Recovery. Recovery is the general term we use for the whole life changes required to maintain abstinence. Recovery is the individual work the addict must do in terms of working a programs steps, repairing burned bridges and more importantly LEARNING to live sober. Part of recovery is dealing with loss, and the loss that comes with your new sober life.

Will power. The belief that through sheer discipline addiction can be stalled or even cured based on the addicts drive and work ethic. Its also the most used excuse to attack someone morally and ethically for a chemical addiction that could be lethal if not managed correctly. 

An addict can be sober on any given day, but an addict can only be in recovery when they have the will, tools and the time to live sober...

     As leaders (or even as addicts), many of us have encountered this issue at least once in our careers only to find out our hands are completely tied when it comes to addressing this issue on an individual basis. Why is that? Well the answer is simple: We kick out everyone that has any experience on the subject, virtually no one understands what the addict is going through. Policies and regulations are written by folks who DONT suffer with addiction directly, its not good enough to know an addict... The ones who dont get kicked out are propted up as symbols of success in an effort to cover up the failure of our military addiction programs. The military definition of success revolves around continued military service. As an addict, our brains simply are not working correctly and our logic doesnt make sense, there are physiological reasons for this that would take too long to explain in an article. We (addicts) even KNOW it doesnt make sense but its the DoC talking, not our brains. This is why we have sponsors, we need someone who "gets" it when we explain our rationale, our sponsors help steer us back to the right path and provide clarity. Thats how we promote the dialog we need to get better, because our sponsors are addicts and we can trust they wont judge us.. There is nothing worse than having to explain my addict rational to a supervisor who simply is not equipped to understand these issues.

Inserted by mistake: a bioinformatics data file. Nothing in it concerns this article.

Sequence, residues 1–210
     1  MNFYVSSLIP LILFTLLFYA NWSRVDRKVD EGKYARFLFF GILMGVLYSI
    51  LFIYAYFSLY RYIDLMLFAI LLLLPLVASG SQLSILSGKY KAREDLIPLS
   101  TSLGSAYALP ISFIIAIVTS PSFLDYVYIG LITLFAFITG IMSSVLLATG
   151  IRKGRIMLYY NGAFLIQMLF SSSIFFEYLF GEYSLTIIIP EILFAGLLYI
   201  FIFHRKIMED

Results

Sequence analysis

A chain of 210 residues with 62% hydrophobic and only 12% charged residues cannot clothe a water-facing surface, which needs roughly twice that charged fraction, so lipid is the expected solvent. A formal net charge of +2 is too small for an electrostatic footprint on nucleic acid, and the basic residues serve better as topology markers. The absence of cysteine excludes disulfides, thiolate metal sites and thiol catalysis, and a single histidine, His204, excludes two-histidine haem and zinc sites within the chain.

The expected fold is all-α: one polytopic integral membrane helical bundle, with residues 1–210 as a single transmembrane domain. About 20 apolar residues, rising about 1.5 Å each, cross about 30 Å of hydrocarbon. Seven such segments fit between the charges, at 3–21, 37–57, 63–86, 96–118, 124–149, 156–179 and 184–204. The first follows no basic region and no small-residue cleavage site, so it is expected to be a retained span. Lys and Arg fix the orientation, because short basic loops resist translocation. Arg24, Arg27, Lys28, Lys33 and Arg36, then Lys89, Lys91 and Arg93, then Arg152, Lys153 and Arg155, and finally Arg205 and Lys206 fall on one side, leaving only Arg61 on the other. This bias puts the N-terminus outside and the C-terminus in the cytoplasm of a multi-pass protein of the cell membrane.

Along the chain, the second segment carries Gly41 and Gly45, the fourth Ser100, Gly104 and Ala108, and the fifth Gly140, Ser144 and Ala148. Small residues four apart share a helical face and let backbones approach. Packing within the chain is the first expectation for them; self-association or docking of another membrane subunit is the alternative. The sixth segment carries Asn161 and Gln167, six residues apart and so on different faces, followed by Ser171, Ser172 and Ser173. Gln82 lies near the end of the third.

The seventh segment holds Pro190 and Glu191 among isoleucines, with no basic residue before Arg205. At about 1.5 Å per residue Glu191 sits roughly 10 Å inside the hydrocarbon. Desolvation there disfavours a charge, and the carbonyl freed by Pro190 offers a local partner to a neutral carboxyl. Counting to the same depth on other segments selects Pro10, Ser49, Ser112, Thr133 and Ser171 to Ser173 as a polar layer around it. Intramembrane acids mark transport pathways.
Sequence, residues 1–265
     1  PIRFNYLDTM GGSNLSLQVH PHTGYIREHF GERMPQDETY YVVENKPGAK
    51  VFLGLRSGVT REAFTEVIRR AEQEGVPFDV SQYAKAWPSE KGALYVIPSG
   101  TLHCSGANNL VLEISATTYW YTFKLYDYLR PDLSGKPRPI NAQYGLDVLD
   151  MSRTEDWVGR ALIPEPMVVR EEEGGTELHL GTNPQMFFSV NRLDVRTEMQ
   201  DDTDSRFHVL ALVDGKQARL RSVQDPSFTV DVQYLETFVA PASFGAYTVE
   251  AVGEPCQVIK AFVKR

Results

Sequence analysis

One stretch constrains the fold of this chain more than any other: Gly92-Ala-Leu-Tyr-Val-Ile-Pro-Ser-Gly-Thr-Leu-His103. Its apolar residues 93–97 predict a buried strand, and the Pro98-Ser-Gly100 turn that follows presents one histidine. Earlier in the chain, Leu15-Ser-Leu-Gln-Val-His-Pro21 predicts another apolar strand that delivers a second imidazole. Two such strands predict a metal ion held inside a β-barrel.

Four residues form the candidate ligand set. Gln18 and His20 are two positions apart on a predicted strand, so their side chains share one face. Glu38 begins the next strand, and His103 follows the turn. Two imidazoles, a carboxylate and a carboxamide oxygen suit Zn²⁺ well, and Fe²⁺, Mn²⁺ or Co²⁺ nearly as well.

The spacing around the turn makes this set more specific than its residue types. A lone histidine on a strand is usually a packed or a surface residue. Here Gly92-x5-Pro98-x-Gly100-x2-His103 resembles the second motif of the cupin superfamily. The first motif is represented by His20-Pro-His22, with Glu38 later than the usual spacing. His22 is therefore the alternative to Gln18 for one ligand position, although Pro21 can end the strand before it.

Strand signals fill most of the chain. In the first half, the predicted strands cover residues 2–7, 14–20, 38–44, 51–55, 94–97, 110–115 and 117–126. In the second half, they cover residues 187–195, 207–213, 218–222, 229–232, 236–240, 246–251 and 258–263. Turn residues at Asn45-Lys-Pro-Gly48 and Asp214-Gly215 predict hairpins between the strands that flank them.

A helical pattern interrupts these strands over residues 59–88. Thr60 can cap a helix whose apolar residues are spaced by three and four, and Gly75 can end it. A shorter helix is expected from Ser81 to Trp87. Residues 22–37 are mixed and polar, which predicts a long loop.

We know we are wrong, we know we are hurting ourselves and our family and we know we are ruining our careers. WE JUST CANT STOP.

Before we go any further it needs to be understood that our service members are people first, just people. The rules of addiction are no different for those in uniform than they are for civilians in suits. It doesnt do anyone any good to label someone an alcholic or addict if they cant see that for themselves, and to make matters worse the DoD feels like it owns the outcome of someones sobriety based on the service members continued service in their particular field. Let me explain, the success stories you here about addiciton in the military almost always revolve around the SMs salvaged career, rarely about their lives as a whole. What if the Service Memebers sobriety isnt compatible with Active Duty? In those cases the SM is generally viewed as a "problem" and magically attitudes shift back towards the asinine "Zero tolerance" policy of just crucifying them with UCMJ action. Why not transition?